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Published August 17, 2009
Broadband is the new television, as far as many youth sports groups are concerned.
Where youth and high school leagues once chased television deals as the easiest way to market their sport, many now are being seduced by the low cost and easy distribution of broadband services.
“You’re seeing more people trying to capitalize on that as the cost of production goes down and the cost of distribution goes down,” said Doug Perlman, managing director of Accrue Sports and Entertainment Ventures. “We’ve seen some real interesting companies that are creating production kits that are really simple to operate and really inexpensive.”
Even companies that are well-entrenched with TV are looking to broadband streams as the easiest and most cost-effective way of producing video.
For example, America’s biggest sports TV outlet, ESPN, is revamping its Rise Web site to allow for more broadband and mobile applications. And the Pop Warner youth football league is pursuing a broadband strategy that would allow many of its games to be streamed online.
Little League Baseball provides, perhaps, the best example of this newfound interest in broadband applications. In January 2007, the group signed a TV deal with ESPN that pays it about $30.5 million over eight years. The deal runs through 2014.
But talk to the group’s president and CEO, Stephen Keener, and he seems as excited about a relatively small broadband deal Little League signed this summer as he is with the TV deal.
“We have a terrific relationship with ESPN/ABC Sports. It’s the strongest marketing vehicle we have,” Keener said. “But we’ve reached a point where we have a bit of TV saturation.”
That’s where Little League’s broadband strategy comes into play. Late last month, the group signed a two-year deal with Youth Sports Live that is streaming most of Little League’s non-televised tournament games via the Internet. Customers pay $14.95 for access during the season, with Little League getting a small percentage of every subscription sold. There was no rights fee involved with the deal.
Next spring, Keener plans to make this deal available to all leagues for regular-season games, with up to three cameras documenting the action. Any of the group’s national leagues would have the opportunity to opt into the Youth Sports Live deal, and Keener clearly hopes that most do, allowing family and friends to either watch the games live or on-demand.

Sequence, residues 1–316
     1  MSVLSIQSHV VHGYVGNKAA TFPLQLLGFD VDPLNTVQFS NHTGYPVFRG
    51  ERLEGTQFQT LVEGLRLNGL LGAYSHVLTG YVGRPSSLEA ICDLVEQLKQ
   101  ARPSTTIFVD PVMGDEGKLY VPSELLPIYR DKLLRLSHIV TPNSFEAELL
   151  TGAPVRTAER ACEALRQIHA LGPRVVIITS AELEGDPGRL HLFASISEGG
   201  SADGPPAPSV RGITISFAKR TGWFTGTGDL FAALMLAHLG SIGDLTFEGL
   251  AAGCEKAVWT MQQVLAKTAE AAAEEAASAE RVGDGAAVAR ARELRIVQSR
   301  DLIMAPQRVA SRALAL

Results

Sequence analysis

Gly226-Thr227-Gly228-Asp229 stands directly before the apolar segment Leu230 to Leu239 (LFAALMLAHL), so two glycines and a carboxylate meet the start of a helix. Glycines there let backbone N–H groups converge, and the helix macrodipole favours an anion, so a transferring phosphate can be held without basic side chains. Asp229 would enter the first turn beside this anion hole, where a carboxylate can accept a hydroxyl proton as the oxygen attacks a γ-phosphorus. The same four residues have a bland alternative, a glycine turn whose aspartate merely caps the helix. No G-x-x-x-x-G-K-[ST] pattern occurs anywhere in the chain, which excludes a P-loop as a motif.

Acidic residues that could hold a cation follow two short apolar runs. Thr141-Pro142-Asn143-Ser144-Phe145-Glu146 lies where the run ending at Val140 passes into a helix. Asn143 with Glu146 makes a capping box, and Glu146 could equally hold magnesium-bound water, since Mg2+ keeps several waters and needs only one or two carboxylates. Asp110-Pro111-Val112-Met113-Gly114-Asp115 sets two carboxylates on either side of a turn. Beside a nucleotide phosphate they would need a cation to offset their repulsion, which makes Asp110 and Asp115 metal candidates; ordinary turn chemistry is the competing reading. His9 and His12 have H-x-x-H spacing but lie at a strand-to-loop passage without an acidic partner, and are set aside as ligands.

This year, Youth Sports Live rolled out its system only for the Little League playoffs, including Little League, Junior League and Senior League Baseball, and Junior and Big League Softball.
“If you were told that you could see every one of your child’s baseball games live online, that would be really compelling,” Accrue’s Perlman said. “I don’t envision that any time soon being a compelling advertising model because you’re not going to get the scale. But the subscription model is going to be interesting because of the passion they have.”
The broadband plan is not a money-making venture for Keener, at least not initially. He doesn’t expect mass interest in a regular-season Little League game. But he thinks it has potential to grow into something that could be a nice, small business for the league.
“I think that’s the next step — digital implementation into sports,” Keener said. “Down the road, we will probably have our own Little League network on the Web, providing training, rules and information.”
Mark Lazarus, president of media and marketing for Career Sports & Entertainment, believes these broadband services could start to attract some advertising. The potential is not huge, but Little League Baseball’s typical broadband subscriber would be someone that advertisers would want to reach.
The online system still is so new that nobody has tried to sell advertising against the games that have been streamed this summer.
Lazarus, however, pointed to signage on the outfield fences at Little League fields around his hometown of Atlanta. The ads feature many national brands.